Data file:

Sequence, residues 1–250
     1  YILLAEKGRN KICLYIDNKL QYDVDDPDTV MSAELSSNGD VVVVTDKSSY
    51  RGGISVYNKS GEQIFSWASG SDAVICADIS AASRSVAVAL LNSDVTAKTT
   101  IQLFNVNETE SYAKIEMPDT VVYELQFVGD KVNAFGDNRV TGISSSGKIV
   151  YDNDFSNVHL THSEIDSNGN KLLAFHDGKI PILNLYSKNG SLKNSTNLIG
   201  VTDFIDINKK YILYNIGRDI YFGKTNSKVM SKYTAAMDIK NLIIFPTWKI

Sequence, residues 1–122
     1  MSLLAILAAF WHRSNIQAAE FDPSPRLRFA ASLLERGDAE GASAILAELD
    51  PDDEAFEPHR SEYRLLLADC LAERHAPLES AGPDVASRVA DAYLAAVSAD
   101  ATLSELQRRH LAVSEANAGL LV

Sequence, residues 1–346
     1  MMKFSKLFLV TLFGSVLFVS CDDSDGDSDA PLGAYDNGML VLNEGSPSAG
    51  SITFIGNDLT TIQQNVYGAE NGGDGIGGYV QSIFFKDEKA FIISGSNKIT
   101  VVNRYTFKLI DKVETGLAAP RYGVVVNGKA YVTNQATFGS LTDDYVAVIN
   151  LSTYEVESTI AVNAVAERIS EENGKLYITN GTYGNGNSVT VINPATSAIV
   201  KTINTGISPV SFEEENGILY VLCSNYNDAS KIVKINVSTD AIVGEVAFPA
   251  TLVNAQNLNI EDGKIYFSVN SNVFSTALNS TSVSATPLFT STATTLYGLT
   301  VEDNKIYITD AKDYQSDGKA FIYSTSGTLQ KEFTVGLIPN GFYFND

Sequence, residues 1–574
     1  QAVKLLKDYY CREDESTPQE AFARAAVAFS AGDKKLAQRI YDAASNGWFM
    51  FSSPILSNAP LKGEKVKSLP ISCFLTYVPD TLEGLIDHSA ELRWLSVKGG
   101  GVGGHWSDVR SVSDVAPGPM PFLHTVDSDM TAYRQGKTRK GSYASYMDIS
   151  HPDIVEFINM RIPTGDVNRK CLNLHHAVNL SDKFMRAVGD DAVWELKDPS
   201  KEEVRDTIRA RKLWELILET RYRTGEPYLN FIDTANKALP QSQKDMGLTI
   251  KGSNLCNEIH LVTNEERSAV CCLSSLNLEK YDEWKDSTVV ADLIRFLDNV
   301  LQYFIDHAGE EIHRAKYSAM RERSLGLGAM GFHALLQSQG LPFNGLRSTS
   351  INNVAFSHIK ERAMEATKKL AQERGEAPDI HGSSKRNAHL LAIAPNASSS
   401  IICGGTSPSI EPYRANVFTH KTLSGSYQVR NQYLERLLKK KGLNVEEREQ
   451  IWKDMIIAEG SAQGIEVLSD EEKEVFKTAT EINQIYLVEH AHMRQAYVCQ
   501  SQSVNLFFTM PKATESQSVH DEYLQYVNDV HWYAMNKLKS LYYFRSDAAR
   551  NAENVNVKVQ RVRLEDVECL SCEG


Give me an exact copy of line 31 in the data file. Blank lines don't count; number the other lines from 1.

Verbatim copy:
   551  NAENVNVKVQ RVRLEDVECL SCEG